The survey asks all respondents, every month, two questions of relevance here.  First, “Overall, how much have you heard or read about each of the following topics in the past two weeks” with response categories: 1=nothing; 2=a little; 3=a moderate amount; 4=quite a bit; 5=a great deal.  Second, we also ask, “How concerned are you that the following pose a health hazard in the food that you eat in the next two weeks” with response categories: 1=very unconcerned; 2= somewhat unconcerned; 3=neither concerned nor unconcerned; 4=somewhat concerned; 5=very concerned.  One of the 16 issues we ask about is "genetically modified food."

These data allow us to calculate a so-called difference-in-difference estimate.  That is - were people in CA and OR more concerned about GMOs than people in the rest of the country (this is the first difference) and how did this gap change during and after all the publicity surrounding the vote (this is the second and third difference)?  The "treated" group are the people in CA and OR while the "control" group consists of people in all other US states.

To analyze these question, I split the data into three time periods - "before" the vote (the months prior to September 2014), during the vote (Sep, Oct, Nov, Dec of 2014 and Jan of 2015) and after the vote (all the months after January 2015).  There were 485 "treated" people in CO and OR before the vote, 172 in these locations during, and 908 in these locations after (out of a total sample size of almost 49,000).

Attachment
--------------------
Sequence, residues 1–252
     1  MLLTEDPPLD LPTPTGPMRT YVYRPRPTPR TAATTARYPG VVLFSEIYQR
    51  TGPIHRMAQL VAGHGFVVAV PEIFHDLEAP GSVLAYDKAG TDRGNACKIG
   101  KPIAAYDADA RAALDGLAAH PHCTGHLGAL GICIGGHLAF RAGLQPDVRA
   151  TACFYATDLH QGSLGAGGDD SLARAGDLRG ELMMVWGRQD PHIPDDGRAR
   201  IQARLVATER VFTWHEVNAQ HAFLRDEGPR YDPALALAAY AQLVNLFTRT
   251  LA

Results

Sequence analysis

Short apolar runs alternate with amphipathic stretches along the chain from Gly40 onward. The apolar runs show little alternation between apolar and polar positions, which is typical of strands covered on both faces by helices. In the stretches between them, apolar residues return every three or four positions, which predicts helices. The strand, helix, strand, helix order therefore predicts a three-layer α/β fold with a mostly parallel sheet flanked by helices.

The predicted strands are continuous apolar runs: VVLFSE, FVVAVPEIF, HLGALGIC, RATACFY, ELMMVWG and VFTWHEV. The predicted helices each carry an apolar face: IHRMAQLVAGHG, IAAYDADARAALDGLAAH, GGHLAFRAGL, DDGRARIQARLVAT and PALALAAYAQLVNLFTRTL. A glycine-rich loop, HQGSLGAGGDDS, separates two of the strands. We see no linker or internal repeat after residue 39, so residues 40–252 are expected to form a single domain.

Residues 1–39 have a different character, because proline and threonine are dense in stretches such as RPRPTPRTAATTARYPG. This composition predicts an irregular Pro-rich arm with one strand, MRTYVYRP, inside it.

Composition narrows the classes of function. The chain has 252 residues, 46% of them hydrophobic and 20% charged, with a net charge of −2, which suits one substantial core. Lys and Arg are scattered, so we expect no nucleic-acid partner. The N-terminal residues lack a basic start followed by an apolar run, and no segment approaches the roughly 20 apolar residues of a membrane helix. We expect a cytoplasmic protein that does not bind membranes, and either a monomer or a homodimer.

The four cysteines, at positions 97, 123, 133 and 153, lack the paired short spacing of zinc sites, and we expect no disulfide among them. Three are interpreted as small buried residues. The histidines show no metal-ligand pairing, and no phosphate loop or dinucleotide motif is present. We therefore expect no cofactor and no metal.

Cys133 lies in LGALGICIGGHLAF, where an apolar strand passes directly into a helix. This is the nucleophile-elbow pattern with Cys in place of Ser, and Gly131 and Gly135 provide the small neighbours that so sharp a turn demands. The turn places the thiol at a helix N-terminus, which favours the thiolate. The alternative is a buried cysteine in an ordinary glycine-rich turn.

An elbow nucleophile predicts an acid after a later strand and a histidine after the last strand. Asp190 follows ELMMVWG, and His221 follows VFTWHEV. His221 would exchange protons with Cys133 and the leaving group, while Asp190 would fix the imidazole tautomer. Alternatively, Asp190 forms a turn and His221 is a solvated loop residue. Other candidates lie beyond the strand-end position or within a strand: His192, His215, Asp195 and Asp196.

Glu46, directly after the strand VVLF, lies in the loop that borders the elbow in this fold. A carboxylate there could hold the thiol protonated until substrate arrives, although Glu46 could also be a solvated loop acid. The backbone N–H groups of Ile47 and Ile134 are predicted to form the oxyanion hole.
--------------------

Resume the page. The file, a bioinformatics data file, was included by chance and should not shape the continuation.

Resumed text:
In terms of awareness, here's what I found. 

Compared to people other parts of the U.S., people in CO and OR indeed reported hearing more about GMOs in the news during the ballot initiative vote than they did before and after (the increase in news awareness during the months surround the vote was statistically significant at the 0.01 level).

But, here's the key question.  Did the vote increase or decrease concern about GMOs as a food safety risk?  Apparently there was no effect.  The graph below shows, as compared to people in other states where there were no votes, there was actually a small increase in concern for GMOs in CO and OR in the months during the vote (however, the increase was not statistically significant, p=0.36), which then fell back down to pre-vote levels after the vote.  

So, despite evidence that the vote initiative on mandatory labeling led to an increase in awareness of GMOs in the news, it did not substantively affect concern about GMOs one way or the other.